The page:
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D.C. ‘Walk to School’ Crash Underscores Need For New Urgency on Vision Zero

Faith and Heavyn White were traversing a crosswalk on National Walk to School Day when they were struck and seriously injured by a driver. Photo courtesy family’s GoFundMe page.

A horrific crash on a street with an ultra-slow speed limit on National Walk to School Day is prompting advocates in Washington, D.C. to demand that District leaders add a sixth "E" to the the five "E's" in its Vision Zero approach: the exigency to radically reimagine District streets and put the safety of vulnerable road users first.

On Oct. 6, D.C. resident Tyrone Belton, 29, was completing his usual walk to school with his 6- and 8-year-old daughters, Heavyn and Faith White, when an unidentified driver of a Jeep slammed into them at Mississippi and Wheeler avenues.

Warning; some of the content of the paragraphs and video below is graphic and disturbing.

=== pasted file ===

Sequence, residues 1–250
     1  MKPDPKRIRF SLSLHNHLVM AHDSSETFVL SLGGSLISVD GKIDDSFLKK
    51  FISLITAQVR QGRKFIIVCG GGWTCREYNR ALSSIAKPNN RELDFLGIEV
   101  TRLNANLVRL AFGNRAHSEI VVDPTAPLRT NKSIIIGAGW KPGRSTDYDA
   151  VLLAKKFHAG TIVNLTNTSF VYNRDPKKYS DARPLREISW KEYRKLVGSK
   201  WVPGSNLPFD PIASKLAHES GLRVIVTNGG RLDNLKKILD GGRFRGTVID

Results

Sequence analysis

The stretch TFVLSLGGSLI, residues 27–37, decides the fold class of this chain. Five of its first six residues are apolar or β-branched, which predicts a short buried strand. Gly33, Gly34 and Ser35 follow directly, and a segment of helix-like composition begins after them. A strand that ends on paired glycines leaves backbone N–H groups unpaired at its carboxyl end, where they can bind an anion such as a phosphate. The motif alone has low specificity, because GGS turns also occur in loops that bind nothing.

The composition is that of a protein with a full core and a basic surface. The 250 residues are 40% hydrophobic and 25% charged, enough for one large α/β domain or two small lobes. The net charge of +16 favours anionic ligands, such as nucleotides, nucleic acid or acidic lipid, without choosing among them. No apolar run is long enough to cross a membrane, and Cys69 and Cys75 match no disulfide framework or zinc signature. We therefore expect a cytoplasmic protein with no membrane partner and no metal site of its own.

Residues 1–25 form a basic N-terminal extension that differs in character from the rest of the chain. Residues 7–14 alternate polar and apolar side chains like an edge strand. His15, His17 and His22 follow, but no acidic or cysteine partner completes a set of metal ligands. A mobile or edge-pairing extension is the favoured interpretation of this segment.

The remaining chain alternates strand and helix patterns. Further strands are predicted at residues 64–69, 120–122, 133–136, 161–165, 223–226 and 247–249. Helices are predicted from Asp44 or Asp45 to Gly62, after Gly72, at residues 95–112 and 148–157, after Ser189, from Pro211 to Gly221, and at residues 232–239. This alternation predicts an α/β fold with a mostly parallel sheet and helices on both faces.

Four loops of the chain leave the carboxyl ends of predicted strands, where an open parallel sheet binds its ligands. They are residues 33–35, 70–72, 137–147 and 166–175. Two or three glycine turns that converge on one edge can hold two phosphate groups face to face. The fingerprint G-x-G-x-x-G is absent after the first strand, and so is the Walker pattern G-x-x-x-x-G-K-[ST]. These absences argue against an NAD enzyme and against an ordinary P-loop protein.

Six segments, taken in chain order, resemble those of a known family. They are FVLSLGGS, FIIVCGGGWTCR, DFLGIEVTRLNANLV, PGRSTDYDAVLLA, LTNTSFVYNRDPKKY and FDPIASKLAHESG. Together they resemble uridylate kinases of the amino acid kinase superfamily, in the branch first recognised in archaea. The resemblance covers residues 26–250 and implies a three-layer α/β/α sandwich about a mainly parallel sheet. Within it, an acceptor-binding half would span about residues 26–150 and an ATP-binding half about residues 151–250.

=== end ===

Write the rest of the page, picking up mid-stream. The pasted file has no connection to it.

Belton told local media (and added details on the family's GoFundMe page) about the horror of the crash: he suffered a broken angle from being dragged "almost 20 feet" by the driver, while 8-year-old Faith broke her leg so seriously that she will be confined to her bed for the duration of her recovery and 6-year-old Heavyn sustained major facial injuries that exposed a portion of her skull and will require extensive plastic surgery. The family is also coping with the emotional and psychological aftereffects of the traumatic incident, and Belton says all three will need significant therapy; he also added that Heavyn currently does not have health insurance.

The D.C. police has not yet said whether the driver will be charged.

The crash tore the family apart — as the thousands of similar tragedies every year do — but it was distinct in two key ways: it happened on the day of a major annual pedestrian safety event that (at least in theory) should have alerted drivers to the strong probability of encountering kids on foot, and it happened at an intersection that already featured a significant number of infrastructure improvements designed to protect walkers — infrastructure that nonetheless were insufficient to stop a reckless driver.

Those two facts have led some advocates to point out that preventing future crashes will take more than signage, paint, and sunny public awareness campaigns.